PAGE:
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The SoA works at UK, EU and international levels to protect and promote a strong copyright regime.

Copyright is founded on the principle that authors own the right to their intellectual creations and can determine whether, and under what conditions, their works may be used by others. Authors also have the moral right to be identified as the author whenever their work is used and to object to derogatory treatment of their work. Copyright law enables authors to monetise their work, underpinning the publishing and creative industries as a whole. 

It is vital that the UK’s gold-standard copyright framework is maintained now that we have departed the EU. The SoA urges the UK to follow future EU copyright law and the EU’s Digital Single Market Strategy, which represents a significant initiative for UK rightsholders and innovators. Under no circumstances should copyright be used as a bargaining chip during future trade negotiations.

The principle is simple, and unaltered by technology, science, or magic: if we want to enjoy the work that someone does, we should pay for it.

Philip Pullman – writing in Index on Censorship

EU Copyright Directive

The SoA supports the EU Copyright Directive, which aims to modernise copyright law for the digital age. Amongst other measures it seeks to address the “value gap”, the gulf between the revenues earned by internet giants that host copyright works and the money received by authors and performers who create them. Platforms which host copyright works (such as YouTube) will be forced to obtain a licence from the relevant rightsholders.

The Copyright Directive also contains much-needed provisions to strengthen the rights of authors when negotiating with publishers. You can find out more about these provisions by visiting our Where We Stand page on fair contract terms. 


Book piracy is harmful to authors, publishers, booksellers and readers alike. In the digital age, electronic files can be created and spread widely within short time periods. Sharing illegal copies for free online means publishers lose out on sales and authors lose out on royalties. It also leads to a decline in the perceived value of a book. We oppose this form of online piracy in the strongest possible terms.

Our Guide to Online Book Piracy explains more. 

Physical book piracy is not widespread in the UK. However, copyright infringement can occur when books produced cheaply and intended for other markets such as India leak back onto the UK market and are sold against full priced books. Authors receive no or very reduced royalties for such sales and they may cannibalise full priced sales.

Collective Licensing

We need to build on the UK’s excellent collective licensing initiatives to ensure that information can be shared easily and at the same time rights-holders are rewarded when their material is used. Copyright exceptions for education strike a fine balance between access for teaching and learning and reward for those creating educational materials. The remuneration that authors and publishers receive from licensed educational use is essential in supporting the development of new works for the education sector. A study carried out in the UK in 2011 reported that for UK educational authors a 20% reduction in secondary licensing income would result in a 29% decline in output (which would mean 2,870 fewer new works being created annually). The current situation in Canada, where educational publishing is in danger of becoming unsustainable, demonstrates what can happen when the balance between permitted activities and remuneration is lost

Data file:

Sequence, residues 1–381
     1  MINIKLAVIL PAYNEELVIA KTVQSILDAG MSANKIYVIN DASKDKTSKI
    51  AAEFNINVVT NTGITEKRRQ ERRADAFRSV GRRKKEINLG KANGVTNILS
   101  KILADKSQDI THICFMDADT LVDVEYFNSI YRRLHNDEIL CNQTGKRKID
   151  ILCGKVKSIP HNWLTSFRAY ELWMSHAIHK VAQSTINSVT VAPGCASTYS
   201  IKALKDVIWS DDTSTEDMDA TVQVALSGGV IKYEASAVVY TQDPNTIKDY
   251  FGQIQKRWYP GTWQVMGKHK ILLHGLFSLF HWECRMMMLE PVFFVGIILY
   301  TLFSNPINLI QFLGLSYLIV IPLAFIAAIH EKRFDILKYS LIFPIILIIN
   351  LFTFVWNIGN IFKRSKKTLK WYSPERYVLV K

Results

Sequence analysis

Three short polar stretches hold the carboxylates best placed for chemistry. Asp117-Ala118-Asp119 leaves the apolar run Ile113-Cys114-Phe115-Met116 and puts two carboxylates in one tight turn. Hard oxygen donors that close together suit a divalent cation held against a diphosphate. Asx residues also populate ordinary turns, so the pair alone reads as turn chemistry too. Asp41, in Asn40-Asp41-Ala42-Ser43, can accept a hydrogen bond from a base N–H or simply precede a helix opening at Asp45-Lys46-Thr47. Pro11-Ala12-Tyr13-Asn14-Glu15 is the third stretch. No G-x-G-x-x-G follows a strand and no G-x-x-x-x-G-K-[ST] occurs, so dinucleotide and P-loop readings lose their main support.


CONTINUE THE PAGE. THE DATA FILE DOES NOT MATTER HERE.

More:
Digitisation of Museums and Archives

The SoA supports endeavours to provide wider access to museum and library collections but urges that this should be done with full respect to copyright and by engaging authors under the PARTNERS protocol. In particular we generally discourage use of Creative Commons licences. We know that CC licences set out clearly understandable rights to non-experts, and are popular within the cultural and educational sectors and funders, but they are not appropriate in cases where creators are professionals who receive licensing revenues (items such as soldiers’ letters may be different). Such licences cannot be revoked, apply universally rather than to the specific archive, and prevent legitimate collective licencing revenues.

Copyright education

Knowledge of copyright, its value and how to exploit and protect it is vital for every citizen – particularly in a digital age when all are creators. We believe that the Government must do all it can to spread knowledge and understanding of copyright.

The National Curriculum should instill in pupils an understanding of the artistic and commercial value of intellectual property rights. School pupils need to be educated on the dangers of piracy in an era when copying is so easy. We are therefore concerned that the National Curriculum for 2014 removed all reference to intellectual property rights. We also support Get it Right from a Genuine Site, which aims to ‘inspire people in the UK to support the things they love by sourcing them from genuine services.’

What are we doing?

We work at UK, EU and international levels to protect and promote a strong copyright regime. We believe that current copyright law is sufficiently flexible and any proposed changes must be fully considered as to the impact they may have on creators.

The SoA lobbies the EU, UK Government and the Intellectual Property Office as well as other interested bodies to ensure that authors’ views are heard and taken into account. We sit on representative bodies including the British Copyright Council and the International Authors Forum.


A selection of written evidence we have submitted to Government and industry in relation to copyright.

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